Historically nourished by forestry and farming, this area is rapidly emerging as a global center of Pinot Noir production. This pastoral corner of Oregon's northern Willamette Valley creates a unique set of growing conditions. The Coast Range to the west soars to nearly 3,500 feet, establishing a rain shadow over the entire district. Additional protection is afforded by the Chehalem Mountain to the north and the Dundee Hills to the east.

The coarse-grained, ancient marine sediment native to the area is the oldest soil in the Willamette Valley. This soil drains quickly, establishing a natural deficit-irrigation effect. Thus, the vines stop vegetative growth earlier here than elsewhere, leading to more complete ripening, even in cooler growing seasons. This allows Pinot Noir to develop deep, ruby colors and broad, silky tannins. The mouthfilling wines exude powerful fruit aromas of raspberry, blackberry and black cherries, made more complex by minerality reminiscent of pipe tobacco, espresso, clove and dark chocolate. The wines are also accented by scents of rose, violet, lavender and sweet wood smoke. These are alluring, complex, supple gems of Pinot Noir to sip and savor.

Terroir: Volcanic Jory Soil   

The Jory series consists of very deep, well-drained soils that formed in colluvium derived from basic igneous rock. These soils are in the foothills surrounding the Willamette Valley. They have been mapped on more than 300,000 acres (1,200 km2) in western Oregon. They are named after Jory Hill, Marion County, Oregon, which itself is named for the Jory family, who settled in the area in 1852, after traveling along the Oregon Trail.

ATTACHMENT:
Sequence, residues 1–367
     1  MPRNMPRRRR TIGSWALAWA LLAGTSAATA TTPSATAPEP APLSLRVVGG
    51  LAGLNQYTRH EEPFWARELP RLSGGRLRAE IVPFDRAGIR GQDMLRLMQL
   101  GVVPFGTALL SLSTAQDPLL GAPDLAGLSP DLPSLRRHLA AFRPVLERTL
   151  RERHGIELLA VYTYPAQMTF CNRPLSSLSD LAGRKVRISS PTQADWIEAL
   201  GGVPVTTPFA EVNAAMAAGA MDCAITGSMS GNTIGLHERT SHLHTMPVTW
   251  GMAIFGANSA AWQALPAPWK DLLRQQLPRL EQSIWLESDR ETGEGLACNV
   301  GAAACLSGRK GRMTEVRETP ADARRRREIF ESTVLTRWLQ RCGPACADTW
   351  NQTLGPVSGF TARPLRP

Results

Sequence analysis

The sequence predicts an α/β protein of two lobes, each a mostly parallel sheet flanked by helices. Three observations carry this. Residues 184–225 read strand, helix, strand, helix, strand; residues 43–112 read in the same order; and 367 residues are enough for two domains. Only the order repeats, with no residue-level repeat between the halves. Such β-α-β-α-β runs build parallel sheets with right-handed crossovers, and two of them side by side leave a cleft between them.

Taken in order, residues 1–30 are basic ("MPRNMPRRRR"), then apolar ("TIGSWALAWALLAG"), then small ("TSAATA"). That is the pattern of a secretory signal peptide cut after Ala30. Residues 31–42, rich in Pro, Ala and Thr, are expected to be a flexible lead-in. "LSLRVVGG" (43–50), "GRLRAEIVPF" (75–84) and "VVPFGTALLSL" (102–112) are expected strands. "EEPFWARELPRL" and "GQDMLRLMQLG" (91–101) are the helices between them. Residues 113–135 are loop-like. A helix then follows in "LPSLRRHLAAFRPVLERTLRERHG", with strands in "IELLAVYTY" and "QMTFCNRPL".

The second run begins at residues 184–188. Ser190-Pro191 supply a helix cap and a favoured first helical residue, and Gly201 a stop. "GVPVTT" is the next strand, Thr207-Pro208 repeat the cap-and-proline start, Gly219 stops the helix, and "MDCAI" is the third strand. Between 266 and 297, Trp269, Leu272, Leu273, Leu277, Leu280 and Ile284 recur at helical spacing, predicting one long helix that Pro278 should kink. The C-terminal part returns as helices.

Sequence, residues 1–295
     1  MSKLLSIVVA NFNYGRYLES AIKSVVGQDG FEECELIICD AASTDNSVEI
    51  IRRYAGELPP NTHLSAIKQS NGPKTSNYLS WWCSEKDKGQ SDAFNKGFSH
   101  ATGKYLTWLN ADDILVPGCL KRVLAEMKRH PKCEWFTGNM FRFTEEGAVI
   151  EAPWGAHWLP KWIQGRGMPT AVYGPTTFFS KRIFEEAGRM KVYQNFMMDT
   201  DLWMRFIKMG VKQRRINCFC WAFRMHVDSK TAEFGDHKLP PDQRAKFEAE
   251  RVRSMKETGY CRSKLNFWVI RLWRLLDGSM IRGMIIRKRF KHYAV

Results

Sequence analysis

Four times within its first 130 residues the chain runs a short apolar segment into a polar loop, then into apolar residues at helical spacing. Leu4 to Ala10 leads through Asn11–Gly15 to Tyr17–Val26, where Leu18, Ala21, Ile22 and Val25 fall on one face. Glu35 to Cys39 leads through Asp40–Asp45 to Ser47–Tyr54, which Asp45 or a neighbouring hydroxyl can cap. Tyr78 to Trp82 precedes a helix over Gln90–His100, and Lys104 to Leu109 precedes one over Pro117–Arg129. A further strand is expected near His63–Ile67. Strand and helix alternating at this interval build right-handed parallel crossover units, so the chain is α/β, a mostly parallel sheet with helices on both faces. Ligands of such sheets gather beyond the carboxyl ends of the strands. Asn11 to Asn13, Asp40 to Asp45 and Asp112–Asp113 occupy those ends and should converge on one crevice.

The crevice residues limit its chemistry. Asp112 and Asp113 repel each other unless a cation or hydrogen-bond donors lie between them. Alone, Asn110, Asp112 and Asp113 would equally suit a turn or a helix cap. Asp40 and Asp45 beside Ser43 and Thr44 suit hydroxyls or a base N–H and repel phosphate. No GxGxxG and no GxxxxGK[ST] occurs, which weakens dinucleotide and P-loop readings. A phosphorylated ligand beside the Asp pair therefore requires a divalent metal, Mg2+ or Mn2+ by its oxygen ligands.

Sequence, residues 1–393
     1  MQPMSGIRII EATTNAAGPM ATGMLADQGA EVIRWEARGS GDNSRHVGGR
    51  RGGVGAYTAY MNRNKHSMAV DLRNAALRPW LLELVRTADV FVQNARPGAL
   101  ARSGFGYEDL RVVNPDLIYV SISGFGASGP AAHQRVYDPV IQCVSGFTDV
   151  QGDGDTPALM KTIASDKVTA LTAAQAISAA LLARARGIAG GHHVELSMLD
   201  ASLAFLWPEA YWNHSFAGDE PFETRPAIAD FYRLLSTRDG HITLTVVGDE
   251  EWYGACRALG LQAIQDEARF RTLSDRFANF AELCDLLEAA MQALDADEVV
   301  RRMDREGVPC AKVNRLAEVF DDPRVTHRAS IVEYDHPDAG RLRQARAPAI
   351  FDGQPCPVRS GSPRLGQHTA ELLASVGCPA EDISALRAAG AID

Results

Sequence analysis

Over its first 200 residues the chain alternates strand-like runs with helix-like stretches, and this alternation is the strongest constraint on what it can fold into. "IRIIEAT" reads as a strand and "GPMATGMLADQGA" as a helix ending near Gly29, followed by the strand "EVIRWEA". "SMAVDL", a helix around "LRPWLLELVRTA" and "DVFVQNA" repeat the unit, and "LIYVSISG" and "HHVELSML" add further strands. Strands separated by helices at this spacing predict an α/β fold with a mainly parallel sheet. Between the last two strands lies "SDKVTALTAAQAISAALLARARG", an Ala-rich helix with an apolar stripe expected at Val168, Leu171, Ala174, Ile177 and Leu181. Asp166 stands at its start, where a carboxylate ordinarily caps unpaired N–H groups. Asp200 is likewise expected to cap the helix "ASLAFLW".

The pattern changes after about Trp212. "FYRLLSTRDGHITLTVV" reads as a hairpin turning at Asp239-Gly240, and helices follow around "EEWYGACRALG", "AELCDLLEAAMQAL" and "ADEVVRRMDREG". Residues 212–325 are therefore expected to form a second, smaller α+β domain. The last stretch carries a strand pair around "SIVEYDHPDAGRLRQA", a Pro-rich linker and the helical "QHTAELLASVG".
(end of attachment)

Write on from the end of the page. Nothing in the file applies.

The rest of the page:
Surface layer: organic material

Subsurface layer: dark reddish brown silty clay loam

Subsoil - upper: dark reddish brown clay

Subsoil - lower: red clay

Jory soils generally support forest vegetation, dominantly Douglas fir and Oregon white oak. They are very productive forest soils. Many areas have been cleared and are used for agricultural crops. The Jory soils and the climate of the Willamette Valley provide an ideal setting for the production of many crops, including Christmas trees, various berries, filberts (hazelnuts), sweet corn, wheat, and many varieties of grass seed. The soils are suitable for the grapes used in the expanding Oregon wine industry. Growing urbanization of the Willamette Valley is resulting in a great deal of pressure for development in areas of the Jory soils.

Harvest Dates: September 27 - October 4, 2013   

A drier than normal winter and early spring were followed by several days of warm weather in late March and early April, resulting in early bud break (April 2 in Terres Basses and everywhere by April 22). Vines grew rapidly in the second half of April with temperatures reaching the low 80s; then a cool night on April 30 caused some minimal frost damage. Bloom started on June 5, followed by veraison on August 2 in the experimental vineyard block next to Terres Basses. Veraison was evident throughout the vineyards by August 20. The summer was sunny and seasonably warm until showers started in early September followed by torrential rains in the second half of September. Close to 7” of rain fell before the beginning of October, the largest rainfall recorded in the Willamette Valley since 1872. We experienced a small amount of botrytis and rot, which was greatly minimized by our rigorous “LIVE” compliant spray program and canopy management. Systematic sorting in the vineyards and at the winery allowed us to eliminate damaged berries. We started harvest in Terres Basses on September 13 and finished in the vineyard planted to clone 828 on October 17. The wines are less fruit forward than 2012, but show excellent balance between acidity and tannins with lower levels of alcohol. This is another cool vintage in Oregon, resulting in fine wines with very Burgundian-like character.

Oak: 40% New Oak

Aging: 14 months in French oak barrels

Skin Contact: 22 Days

Malolactic Fermentation: 6 Months

Bottling Date: February 26, 2015

Analysis: Alc-13%, pH-3.65, TA-4.8

Closure: Cork